In the vague, unreal background, people die, silently, casually, anonymously, as others perform their duty, victims trampled into the mud, over whom she walked, unseeing
This is a repeated visual motif of the film. As Liza fixates on the drama she has conjured up, the horrors go on, often softly out of focus, in the background: lines of prisoners are marched past, bodies hang from scaffolds, a prisoner slips over and rolls in the mud as Liza, lost in thought in the foreground, sucks on a sweet…
It’s to the film’s great advantage that we never have a filmed dramatisation of the events on the ship, that this filmed recreation of Auschwitz is blocked off by these alienating sequences of still shots and of sombre voice-over analysis. The film ends on a certain note of indeterminacy. We assume that the passenger is not Marta – logically, she can’t be – but this is never made explicit, and the story in effect dies away in mid-sentence. But this narrative indeterminacy is never a moral one. The final minutes of the film make absolutely clear Liza’s guilt and the psychological mechanism she is operating in order to justify herself. On top of that, rather like the final sentences of Night and Fog, the narrator then applies her situation to the wider issues of the continued complicity today in the Nazi crimes of the past:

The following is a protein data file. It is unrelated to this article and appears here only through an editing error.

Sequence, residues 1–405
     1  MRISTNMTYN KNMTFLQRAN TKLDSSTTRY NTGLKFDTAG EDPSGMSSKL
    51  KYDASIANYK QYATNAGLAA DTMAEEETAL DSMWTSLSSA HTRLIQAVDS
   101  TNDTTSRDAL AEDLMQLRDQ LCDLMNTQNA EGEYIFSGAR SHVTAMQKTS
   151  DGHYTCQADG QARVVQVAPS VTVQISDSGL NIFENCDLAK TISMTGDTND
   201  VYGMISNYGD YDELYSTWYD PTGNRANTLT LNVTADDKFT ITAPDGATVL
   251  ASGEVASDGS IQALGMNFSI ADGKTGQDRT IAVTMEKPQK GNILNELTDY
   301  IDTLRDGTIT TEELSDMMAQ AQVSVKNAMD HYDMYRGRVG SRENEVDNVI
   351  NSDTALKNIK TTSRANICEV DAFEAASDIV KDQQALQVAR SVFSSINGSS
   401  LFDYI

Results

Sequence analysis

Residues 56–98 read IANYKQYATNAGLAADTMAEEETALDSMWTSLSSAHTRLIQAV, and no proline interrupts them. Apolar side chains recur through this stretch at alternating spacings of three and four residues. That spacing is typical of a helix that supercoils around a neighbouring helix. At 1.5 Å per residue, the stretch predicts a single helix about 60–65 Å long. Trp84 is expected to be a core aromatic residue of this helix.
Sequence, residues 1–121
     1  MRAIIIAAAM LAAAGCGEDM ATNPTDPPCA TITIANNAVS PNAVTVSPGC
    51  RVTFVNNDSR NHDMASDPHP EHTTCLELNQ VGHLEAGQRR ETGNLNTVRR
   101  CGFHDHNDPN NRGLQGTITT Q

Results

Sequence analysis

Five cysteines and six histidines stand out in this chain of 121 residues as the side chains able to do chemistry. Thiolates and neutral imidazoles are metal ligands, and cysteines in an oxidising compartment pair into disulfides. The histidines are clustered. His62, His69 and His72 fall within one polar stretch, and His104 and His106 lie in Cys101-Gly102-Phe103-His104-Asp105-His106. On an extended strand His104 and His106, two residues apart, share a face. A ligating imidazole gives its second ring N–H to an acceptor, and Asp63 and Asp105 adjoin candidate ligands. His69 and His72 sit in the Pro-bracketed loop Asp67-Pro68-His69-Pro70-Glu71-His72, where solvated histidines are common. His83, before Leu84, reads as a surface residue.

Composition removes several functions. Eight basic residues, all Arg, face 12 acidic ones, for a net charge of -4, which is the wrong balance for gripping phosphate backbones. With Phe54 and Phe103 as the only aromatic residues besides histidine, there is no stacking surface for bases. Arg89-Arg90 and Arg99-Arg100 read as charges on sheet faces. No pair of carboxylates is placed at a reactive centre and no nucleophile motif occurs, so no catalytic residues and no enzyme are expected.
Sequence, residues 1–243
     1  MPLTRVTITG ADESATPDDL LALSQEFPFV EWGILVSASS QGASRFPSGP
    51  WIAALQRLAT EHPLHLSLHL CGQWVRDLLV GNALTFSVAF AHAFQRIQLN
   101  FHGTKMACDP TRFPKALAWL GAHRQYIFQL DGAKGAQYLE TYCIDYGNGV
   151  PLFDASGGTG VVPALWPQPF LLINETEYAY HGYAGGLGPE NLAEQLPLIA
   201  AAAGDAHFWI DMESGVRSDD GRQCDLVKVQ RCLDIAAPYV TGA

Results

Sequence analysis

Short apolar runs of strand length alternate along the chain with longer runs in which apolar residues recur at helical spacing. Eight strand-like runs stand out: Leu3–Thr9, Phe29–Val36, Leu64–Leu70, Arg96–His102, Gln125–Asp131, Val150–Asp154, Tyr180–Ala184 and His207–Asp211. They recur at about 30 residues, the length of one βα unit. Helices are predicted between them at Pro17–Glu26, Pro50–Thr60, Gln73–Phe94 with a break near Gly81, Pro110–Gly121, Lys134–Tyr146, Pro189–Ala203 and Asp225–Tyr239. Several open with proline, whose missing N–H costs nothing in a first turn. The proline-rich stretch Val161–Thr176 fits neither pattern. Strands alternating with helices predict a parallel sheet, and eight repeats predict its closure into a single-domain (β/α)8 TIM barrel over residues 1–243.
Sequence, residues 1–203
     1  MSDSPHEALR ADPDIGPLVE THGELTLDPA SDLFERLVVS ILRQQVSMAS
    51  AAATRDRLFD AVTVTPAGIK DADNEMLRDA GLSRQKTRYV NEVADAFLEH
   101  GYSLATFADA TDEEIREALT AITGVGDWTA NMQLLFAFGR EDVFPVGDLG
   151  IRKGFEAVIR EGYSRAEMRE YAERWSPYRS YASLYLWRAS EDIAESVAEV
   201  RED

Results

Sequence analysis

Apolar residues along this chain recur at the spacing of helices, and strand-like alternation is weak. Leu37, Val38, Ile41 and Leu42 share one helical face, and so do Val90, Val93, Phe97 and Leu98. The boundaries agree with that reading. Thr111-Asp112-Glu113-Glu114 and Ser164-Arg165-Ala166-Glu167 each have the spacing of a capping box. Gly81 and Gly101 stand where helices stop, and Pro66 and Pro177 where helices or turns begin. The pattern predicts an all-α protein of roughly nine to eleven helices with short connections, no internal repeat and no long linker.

Lisa won’t be challenged by truths buried in the mud of Auschwitz. Nothing can disturb Liza’s life among people indifferent to yesterday’s crimes, who even today…
Passenger allows no closure to this story.